This is where I need you. Let’s have a little Q&A session. Either comment here with a question you’d like me to answer, or email me at jmccreig(at) with “Blag Hag” in the title somewhere. You can ask whatever you want no matter if it’s atheism/biology/blog related or something absolutely random. I figure you guys haven’t known me for very long, so there’s a lot you can ask. I’ll pick my favorites to answer. Don’t be afraid to be silly or philosophical, but also don’t expect me to dole out my credit card number or something.

Or if this is totally lame, I guess you can just ignore my blog from June 24th to July 5th. But I hope you won’t do that!

Almost done

I should probably have a lot more to post about now that the conference in almost over, but I’m so brain dead that I can’t come up with much. Hearing technical biology talks (80% of which are over my head) from 8 to 5 is just mentally exhausting after a while. That being said, I really enjoyed the conference. There’s so much cool science going on out there, and now I have all these neat ideas floating around in my head. And while the whole grad school application process still freaks me out, I feel like I have a lot better idea of what I need to do since we had some talks about that.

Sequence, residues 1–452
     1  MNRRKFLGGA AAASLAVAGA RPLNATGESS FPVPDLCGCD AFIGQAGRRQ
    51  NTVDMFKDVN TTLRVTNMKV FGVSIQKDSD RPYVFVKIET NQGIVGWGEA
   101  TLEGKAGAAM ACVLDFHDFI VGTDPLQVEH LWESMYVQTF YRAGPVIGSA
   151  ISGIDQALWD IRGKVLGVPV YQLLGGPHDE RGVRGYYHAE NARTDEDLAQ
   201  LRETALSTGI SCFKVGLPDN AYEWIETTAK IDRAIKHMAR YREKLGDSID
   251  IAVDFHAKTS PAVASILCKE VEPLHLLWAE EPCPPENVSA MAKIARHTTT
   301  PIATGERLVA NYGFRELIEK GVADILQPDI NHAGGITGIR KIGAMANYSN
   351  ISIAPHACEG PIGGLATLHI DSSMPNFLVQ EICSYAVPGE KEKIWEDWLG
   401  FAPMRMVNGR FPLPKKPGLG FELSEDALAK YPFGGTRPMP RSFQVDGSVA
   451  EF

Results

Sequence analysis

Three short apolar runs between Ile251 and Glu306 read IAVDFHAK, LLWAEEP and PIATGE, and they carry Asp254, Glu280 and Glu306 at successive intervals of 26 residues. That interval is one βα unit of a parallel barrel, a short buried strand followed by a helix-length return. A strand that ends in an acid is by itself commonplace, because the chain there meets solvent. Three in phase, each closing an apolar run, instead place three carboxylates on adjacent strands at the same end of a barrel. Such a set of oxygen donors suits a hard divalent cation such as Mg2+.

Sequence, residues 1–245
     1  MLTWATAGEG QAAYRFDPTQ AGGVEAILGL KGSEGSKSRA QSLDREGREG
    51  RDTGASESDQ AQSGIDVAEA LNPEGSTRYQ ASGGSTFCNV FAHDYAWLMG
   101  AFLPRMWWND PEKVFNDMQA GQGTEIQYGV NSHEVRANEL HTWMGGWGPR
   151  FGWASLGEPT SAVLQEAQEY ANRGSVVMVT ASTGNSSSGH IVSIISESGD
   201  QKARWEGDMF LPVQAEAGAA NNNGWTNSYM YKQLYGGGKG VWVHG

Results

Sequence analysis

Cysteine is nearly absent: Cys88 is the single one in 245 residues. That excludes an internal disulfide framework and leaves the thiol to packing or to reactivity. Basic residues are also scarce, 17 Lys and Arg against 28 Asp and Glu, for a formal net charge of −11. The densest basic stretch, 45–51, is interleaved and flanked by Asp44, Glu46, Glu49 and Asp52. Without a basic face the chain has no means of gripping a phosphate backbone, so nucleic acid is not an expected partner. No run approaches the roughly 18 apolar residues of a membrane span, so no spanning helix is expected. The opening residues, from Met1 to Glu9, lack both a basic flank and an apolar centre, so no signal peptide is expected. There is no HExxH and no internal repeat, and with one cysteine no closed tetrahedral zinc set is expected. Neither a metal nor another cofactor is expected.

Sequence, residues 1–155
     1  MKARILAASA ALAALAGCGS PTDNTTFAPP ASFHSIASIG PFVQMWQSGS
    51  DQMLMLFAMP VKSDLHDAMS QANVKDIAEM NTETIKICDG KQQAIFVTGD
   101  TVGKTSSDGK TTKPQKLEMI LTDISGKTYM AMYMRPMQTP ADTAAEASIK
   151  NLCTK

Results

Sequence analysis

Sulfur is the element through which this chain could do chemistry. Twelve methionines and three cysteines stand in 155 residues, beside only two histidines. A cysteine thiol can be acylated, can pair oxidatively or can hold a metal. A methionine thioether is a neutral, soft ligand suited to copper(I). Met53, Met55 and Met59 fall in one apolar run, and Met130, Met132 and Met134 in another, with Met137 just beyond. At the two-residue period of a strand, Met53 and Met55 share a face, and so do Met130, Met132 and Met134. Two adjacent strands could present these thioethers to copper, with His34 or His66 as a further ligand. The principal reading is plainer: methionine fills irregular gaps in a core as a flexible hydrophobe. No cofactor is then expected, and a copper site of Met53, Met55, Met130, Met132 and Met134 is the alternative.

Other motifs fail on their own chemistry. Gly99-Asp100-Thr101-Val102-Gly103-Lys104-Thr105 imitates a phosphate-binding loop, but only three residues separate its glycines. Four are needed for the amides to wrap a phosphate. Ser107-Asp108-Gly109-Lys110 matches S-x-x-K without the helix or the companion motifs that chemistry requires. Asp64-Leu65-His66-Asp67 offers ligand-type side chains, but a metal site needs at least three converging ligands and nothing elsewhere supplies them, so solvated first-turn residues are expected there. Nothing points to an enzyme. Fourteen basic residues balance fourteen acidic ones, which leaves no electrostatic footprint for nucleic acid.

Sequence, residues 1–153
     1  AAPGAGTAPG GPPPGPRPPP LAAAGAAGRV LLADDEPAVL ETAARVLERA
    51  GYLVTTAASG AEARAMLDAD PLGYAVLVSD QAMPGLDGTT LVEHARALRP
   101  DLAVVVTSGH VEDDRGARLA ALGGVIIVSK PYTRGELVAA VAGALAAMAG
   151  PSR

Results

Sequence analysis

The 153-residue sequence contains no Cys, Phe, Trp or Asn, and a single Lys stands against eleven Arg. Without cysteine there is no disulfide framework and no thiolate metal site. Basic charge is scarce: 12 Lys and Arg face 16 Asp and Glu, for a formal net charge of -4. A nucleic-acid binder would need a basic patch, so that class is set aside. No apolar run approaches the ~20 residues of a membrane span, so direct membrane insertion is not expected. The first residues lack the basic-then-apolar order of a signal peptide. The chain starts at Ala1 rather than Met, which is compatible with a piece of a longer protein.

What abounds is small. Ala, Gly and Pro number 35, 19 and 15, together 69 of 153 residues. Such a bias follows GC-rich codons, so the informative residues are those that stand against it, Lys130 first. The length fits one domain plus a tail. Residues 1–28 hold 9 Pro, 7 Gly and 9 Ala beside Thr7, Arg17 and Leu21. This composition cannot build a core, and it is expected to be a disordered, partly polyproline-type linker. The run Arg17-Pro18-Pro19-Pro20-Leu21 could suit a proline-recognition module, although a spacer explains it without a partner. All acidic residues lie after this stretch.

Though honestly, the best part was just being around so many nerdy biologists. It was amazing sitting in a bar, and instead of hearing people talk about sports, hearing people talking about transcriptome characterization or population genetics or who knows what. Everyone just went into absurdly geeky mode. Take this dinner conversation, just one example out of many:

My Prof: Those are all the Oregon State people over there, and those are all the Michigan people sitting there.